Some collections I have put together you might like:
I like to paint in a manner that could fall into the genre of Visionary Art. I often dance around that term because there have been so many great visionary paintings I a tremble to even attempt to put myself in their spheres.
Many visionary artists paint after being influenced by Psychedelics and some can be found on this blog post: http://www.arthistoryarchive.com/arthistory/visionary/
But historically there have been many painters that have been visionary without the use of chemicals, where artists have painted an unseen, a world not viewed with the mundane eye.
My own art comes from dreams, a deep respect and contact with nature and a strong yoga and meditation practice. With that caveat, here are some of my “Visionary” paintings.
The Long Journey
No, I’m Not Done Yet
The Far Shore
The World Tree
Owl Storm Eyes
In Your Dreams
Ride the Wild Seahorse
The Mating Game
The Power of Nature
And of course more to come
A few of my favorite books about Visonary Artists (a few of whom I’ve actually met!) are:
Who doesn’t want to live forever? I thought it was time, before my delightful hubby and I get too wrinkled to attempt a portrait of ourselves. I love Lucian Freud’s work and think he was incredibly skilled but I didn’t want to wait until we are like this self-portrait he did that can be seen in Vienna. I of course then had to watch a video about him and his art, and found he was a great fan of Cremnitz White, which I have on order. This is a lead based white paint, so don’t eat in your studio while using it. The video I watched on Lucian Freud can be found on YouTube here: A Painted Life I love the emotion he conveys although he obviously was a haunted and tortured individual who didn’t play well with others.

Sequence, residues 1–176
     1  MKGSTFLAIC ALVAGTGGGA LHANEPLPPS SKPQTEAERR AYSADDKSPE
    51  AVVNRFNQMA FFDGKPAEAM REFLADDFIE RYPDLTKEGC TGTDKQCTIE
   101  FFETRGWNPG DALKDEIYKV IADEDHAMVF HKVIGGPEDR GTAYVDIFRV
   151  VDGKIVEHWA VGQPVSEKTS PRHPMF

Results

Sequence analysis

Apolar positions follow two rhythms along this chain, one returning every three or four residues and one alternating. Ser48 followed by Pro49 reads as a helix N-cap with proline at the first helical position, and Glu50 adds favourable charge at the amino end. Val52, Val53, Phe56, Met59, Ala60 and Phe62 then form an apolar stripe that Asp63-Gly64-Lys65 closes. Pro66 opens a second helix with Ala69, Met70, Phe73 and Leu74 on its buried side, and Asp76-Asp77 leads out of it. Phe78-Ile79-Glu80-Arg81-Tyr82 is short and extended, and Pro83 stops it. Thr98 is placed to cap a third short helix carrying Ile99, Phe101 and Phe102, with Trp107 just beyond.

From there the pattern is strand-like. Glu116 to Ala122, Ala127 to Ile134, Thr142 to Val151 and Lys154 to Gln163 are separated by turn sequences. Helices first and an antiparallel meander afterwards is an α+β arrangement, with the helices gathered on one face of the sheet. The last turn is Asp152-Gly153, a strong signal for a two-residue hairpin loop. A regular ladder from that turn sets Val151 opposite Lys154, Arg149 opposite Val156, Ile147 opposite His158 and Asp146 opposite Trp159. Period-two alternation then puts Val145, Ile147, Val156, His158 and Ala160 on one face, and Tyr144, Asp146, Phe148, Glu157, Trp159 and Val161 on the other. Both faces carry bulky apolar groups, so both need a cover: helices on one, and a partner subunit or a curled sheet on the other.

Back to my painting. My husband and I went out to our favorite French restaurant and dressed up for an anniversary one of the staff took a fabulous photo of us. I decided to use that as my reference photo, along with peeking over my wine glass at dinner, an assessing, did dear hubby have a few little crows feet, how did the cleft of his chin look in profile?
A book I referred to was
This year, I used a marble based gesso to cover my boards. The white is so white it hurts your eyes. If you are just tuning in you might want to read my post on Mischtechnik.
Next I spent a fair bit of time looking and reading about the anatomy of the face and neck. And then spent a couple of weeks on an initial sketch.
And here is the initial glaze, I used iron oxide red. It was still wet in this photo.
Meanwhile, as I wait for this to dry, I’m reading another book and learning even more about portrait painting. It has an excellent section on blending colors for the skin. I’m only half-way through, but I’m sure this will be a better painting because of it.
by Suzanne Brooker
The next step, after it was fully dried, was to work on the highlights creating more tones, with the egg tempera. I freely thinned the egg tempera with a little cold pressed linseed oil, so I could have different shades of white. Some I used undiluted and some thinned.
And of course wait. I usually keep a second painting going and work on that while I’m waiting. This year its a semi-abstract in acrylic paint that has lots of free movement and invention and dries fast. The antithesis of this.
Another glaze, this time I used transparent yellow ochre. In the past I used a bright primary transparent yellow, but I like the warmer tones of the earth reds and yellows.
Ah, finally we are starting to see some of those magic mid-tones arise out of nowhere. I had on a top that was covered in black sparkles and I want to show that, but I’m not sure whether I have a handle on it. I have a few points of light on it, but I’m not sure if they work yet.
Here is the white tempera on the highlights after this glaze.
Now the blue glaze.
Technically I should do another layer of the white highlights, but I like where I am. I am going to start glazing local colors as soon as this dries. Oops…I forgot to take photos of a couple of glazes. Don’t worry you didn’t miss much, just the first coat on the walls, shirt and shawl.